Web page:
From Business Model Canvas to Pricing Model Canvas

The Business Model Canvas has become the standard for business model development. However, to be successful and, above all, profitable, you also need a Pricing Model Canvas—reason enough for Prof. Roll & Pastuch to create/develop such a framework. The framework is useful to quickly gain an overview of the most important topics in pricing and to avoid getting lost in the details in the first step. Especially for companies that are just beginning their pricing journey, this is a very important tool.

From Business Model Canvas to Pricing Model Canvas

Download the Pricing Model Canvas

The Nine Core Topics of the Pricing Model Canvas

The following nine core topics of the Pricing Canvas help to establish target-oriented price management:

  1. Pricing Strategy: It is important to align the pricing strategy with the overarching corporate strategy. Depending on the strategic goals (growth vs. profitability) and the maturity of the products (lifecycle), pricing then serves as a lever for implementing the corporate strategy.
  2. Next Best Alternative: A comprehensive analysis of competitive products helps to understand one’s own positioning in the market. The Next Best Alternative (NBA) serves as a central concept for value-based pricing, as the customer’s willingness to pay always also depends on the price of their NBA.
  3. Target Customers: By conducting a sound customer segmentation and assessment of the segment potential, specific target customer segments can be identified. From a pricing perspective, it is crucial to understand the different willingness to pay of the segments and to address this through price differentiation.
  4. Product Value: Determining the value of the product is essential for setting a suitable price point. The focus here is on the benefits of the product from the customer’s perspective. By combining direct and indirect price inquiries (conducting market research with customers using methods like van Westendorp, Conjoint, and Garbor Granger analyses), internal assessments, and data analysis, the value provided by the product is translated into a monetary value that then becomes the decisive factor for pricing.
  5. Terms and Discounts: In addition to the defined list price, a performance-oriented discount and rebate system provides the opportunity for individual customer steering and purchase incentivization. It is important that terms and discounts always incentivize a type of performance from the customer and are awarded according to a clearly defined set of rules. Typical elements of terms include quantity, marketing, or process-related discounts.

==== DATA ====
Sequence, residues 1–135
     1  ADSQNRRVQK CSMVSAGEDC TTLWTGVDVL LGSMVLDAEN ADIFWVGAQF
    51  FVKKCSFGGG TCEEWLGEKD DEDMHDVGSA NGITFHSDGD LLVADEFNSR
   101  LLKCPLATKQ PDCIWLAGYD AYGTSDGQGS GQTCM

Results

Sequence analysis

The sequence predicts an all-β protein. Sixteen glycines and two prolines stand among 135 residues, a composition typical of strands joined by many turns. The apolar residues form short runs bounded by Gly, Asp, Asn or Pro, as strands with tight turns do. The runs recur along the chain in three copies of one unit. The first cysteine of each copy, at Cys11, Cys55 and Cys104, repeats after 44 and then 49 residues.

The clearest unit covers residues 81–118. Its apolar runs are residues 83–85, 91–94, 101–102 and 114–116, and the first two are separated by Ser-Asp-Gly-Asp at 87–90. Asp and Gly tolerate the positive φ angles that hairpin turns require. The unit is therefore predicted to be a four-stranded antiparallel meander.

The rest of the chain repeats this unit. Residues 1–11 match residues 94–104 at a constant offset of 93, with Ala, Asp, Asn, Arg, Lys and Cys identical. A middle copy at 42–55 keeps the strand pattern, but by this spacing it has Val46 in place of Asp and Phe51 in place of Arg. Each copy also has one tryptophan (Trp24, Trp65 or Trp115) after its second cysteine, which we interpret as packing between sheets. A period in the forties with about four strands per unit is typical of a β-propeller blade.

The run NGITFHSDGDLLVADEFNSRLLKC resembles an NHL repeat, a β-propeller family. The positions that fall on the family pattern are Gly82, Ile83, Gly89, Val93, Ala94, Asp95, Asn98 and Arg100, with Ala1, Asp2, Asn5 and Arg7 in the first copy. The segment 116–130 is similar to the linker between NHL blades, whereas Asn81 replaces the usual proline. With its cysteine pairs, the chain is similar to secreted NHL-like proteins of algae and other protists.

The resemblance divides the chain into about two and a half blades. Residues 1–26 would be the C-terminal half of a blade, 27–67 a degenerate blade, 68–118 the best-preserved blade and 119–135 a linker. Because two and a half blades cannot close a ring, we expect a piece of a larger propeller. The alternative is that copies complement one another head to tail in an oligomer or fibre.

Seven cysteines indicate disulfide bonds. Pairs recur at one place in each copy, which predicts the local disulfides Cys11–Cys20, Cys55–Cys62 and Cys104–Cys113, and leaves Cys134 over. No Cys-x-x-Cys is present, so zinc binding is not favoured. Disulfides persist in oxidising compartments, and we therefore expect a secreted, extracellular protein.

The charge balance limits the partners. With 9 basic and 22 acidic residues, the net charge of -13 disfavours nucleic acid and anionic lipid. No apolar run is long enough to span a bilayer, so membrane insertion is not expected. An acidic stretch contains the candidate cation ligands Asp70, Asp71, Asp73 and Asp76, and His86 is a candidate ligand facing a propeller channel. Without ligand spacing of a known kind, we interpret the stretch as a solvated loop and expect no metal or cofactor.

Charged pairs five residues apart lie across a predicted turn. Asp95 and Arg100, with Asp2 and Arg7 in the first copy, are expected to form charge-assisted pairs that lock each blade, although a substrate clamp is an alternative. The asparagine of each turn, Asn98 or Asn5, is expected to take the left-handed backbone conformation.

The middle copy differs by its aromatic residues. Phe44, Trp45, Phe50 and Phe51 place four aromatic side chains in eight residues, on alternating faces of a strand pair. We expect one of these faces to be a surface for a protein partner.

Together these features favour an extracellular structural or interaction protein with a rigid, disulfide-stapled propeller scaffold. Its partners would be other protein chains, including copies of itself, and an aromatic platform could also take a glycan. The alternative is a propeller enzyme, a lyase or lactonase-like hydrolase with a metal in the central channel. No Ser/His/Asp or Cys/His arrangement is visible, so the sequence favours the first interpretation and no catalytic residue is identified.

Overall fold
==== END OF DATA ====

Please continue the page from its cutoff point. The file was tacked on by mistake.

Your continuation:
6. Innovative Pricing Models: In addition to traditional one-time purchase models, innovative pricing models are becoming increasingly prevalent. For example, subscription models are very common in the software industry, but pay-per-output models are also increasingly being applied in machine and plant engineering. The focus here is on determining which model is comprehensible to the customer and optimally reflects the actual added value of the product.
  7. Value Selling: In sales, there is a comprehensive toolbox available for convincing customers to make a purchase by specifically communicating the value of the product. Especially for innovative pricing models and product bundles consisting of hardware, software, and services, there is a shift away from traditional sales pitches towards so-called Solution Selling. Sales representatives must be trained to be able to communicate the value of the product over its entire lifecycle, including all the services offered as a complete package.
  8. Organization & Processes: For mature price management, it is essential for companies to incorporate a dedicated pricing department into the organization. This department is responsible for maintaining an overview of all the topics listed here and ensuring smooth processes through defined interfaces within the company.
  9. KPI & Governance: To ensure the long-term success of price management, responsibilities and clear guidelines for the individual processes are defined through governance. Continuous monitoring, both on the system side and in terms of content through, for example, BI reports, ensures that pricing is always aligned with current market conditions and customer needs.


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Prof. Dr. Oliver Roll
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Prof. Dr. Oliver Roll

Managing Partner

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